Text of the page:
Water Industry News
Los Angeles Daily News
Nitrogen removal plan for
By Jim Skeen
Sunday, April 10, 2005 - PALMDALE -- Well water tainted with nitrates from Palmdale's sewage treatment plant could be pumped out of the ground and used to irrigate alfalfa fields.
Facing a cleanup order from state water regulators, Los Angeles County sanitation officials prefer the cheapest of five alternatives ranging in cost from $10.6 million to $158.5 million.
Sanitation officials are discussing the cleanup alternatives with the state's Lahontan Regional Water Quality Control Board.
"We will work with them to come up with a plan that is mutually agreeable to both parties," said Palmdale Mayor Jim Ledford, who sits on the Los Angeles County Sanitation District 20 board. "No one is arguing with the goals. We all want a clean aquifer."
In November 2003, the Lahontan board issued a cleanup and abatement order to the sanitation district and to Los Angeles World Airports, which owns the 2,680 acres the district uses for wastewater disposal east of Air Force Plant 42.
Nitrates are a nutrient for plants but can cause a condition known as "blue baby" syndrome among infants. Nitrates have leached into the underground water table from Sanitation District 20's practice of spreading treated sewage effluent on barren land to soak into the ground.
Nitrates in well water pulled from near the spreading grounds since 1990 have periodically tested above the state cleanup level of 10 milligrams per liter, and computer projections show that if things don't change by 2025, the level could reach 24 milligrams per liter. The natural or background level is 0.75 milligrams per liter, officials said.
No drinking-water wells draw from that area, officials said.
The sanitation district is favoring an alternative that involves the installation of five wells to pump out water with high nitrate concentrations. The water would be placed in storage ponds along 40th Street East until it is needed to water crops.
That alternative would remove 119 tons of nitrates and would cost about $10.6 million in construction costs and over 20 years of operations and maintenance.
Lahontan staff is concerned about the amount of groundwater that would be pumped out for that alternative, an estimated 24,600 acre-feet over 20 years.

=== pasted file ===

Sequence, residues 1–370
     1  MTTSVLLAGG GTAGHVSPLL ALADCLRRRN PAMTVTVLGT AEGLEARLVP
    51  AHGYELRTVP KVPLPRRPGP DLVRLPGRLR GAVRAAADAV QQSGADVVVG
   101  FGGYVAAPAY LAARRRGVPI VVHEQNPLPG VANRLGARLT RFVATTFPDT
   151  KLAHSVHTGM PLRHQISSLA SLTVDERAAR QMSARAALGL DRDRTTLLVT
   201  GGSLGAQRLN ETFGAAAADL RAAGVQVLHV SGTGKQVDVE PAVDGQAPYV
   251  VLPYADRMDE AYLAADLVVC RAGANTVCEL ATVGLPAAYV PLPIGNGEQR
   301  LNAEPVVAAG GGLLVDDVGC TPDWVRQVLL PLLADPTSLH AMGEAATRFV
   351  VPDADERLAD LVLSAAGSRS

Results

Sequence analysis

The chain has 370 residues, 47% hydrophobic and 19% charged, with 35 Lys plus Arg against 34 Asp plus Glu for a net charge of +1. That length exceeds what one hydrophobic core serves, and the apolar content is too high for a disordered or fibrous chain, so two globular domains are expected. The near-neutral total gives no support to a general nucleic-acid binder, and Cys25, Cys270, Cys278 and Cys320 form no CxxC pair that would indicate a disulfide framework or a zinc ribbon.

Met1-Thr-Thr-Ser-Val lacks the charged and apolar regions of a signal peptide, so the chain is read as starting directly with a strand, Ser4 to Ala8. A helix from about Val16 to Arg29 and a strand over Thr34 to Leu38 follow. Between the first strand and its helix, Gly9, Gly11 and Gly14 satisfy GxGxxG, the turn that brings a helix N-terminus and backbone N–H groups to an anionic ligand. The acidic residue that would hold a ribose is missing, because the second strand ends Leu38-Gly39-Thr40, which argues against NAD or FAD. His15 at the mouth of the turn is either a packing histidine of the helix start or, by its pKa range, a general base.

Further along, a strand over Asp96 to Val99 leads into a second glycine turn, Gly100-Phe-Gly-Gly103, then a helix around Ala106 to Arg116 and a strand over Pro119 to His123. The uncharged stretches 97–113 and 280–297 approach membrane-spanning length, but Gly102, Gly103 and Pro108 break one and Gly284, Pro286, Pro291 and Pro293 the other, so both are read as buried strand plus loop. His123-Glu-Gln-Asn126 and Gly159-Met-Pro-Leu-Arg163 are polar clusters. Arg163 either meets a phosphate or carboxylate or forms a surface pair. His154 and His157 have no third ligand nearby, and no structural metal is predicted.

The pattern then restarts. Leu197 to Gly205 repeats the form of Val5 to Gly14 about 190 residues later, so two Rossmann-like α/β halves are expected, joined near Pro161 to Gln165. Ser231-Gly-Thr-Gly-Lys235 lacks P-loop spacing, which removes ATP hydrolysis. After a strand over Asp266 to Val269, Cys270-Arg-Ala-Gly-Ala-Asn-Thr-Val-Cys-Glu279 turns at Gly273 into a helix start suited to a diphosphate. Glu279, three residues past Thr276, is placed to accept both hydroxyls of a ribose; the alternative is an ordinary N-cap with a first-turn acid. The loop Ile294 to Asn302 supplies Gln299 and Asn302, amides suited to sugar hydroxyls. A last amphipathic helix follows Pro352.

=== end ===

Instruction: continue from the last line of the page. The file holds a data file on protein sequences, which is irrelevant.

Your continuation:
"We know there is an overdraft problem in the Antelope Valley area," said Harold Singer, Lahontan's executive director. "We want to raise the issue to the board and say that is is something they should keep in mind."
Lahontan staff is suggesting what it calls a more aggressive approach that would remove 130 tons of nitrates and cost $13.6 million over 20 years.
That approach calls for eight extraction wells, six of which would be installed as soon as possible, to pump out 7,200 acre-feet of the most contaminated water. The wells would be positioned closer together than in the plan preferred by sanitation officials.
Two more wells would be installed near sewage oxidation ponds along 30th and 40th streets east after they are taken out of service in 2009.
Lahontan staff is recommending their board require the district to submit a long-term strategy by the fall of 2006. That plan should look at pumping and treating water, with it either going back into the aquifer or of using it to replace uses that draw upon groundwater, officials said.
"The two alternatives are not too far apart," said Dave Synder, head of the water quality and soil engineering for the county's sanitation districts. "Both say: let's focus on the areas with the highest concentration, clean it up, monitor it and see how it comes out over time."
Three other alternatives were looked and considered impractical -- taking no action; installing 15 wells at a cost of $26.3 million; and an option, priced at $158.5 million, calling for installing 25 wells, treating the water, and then allowing it to percolate back into the groundwater.
All the alternatives being looked at assume that there will be an expansion of the use of effluent for agriculture by 2009; that the treatment plant will be upgraded for nitrogen removal; and that there will be 500 acres of water storage ponds constructed by 2009.
Jim Skeen, (661) 267-5743 firstname.lastname@example.org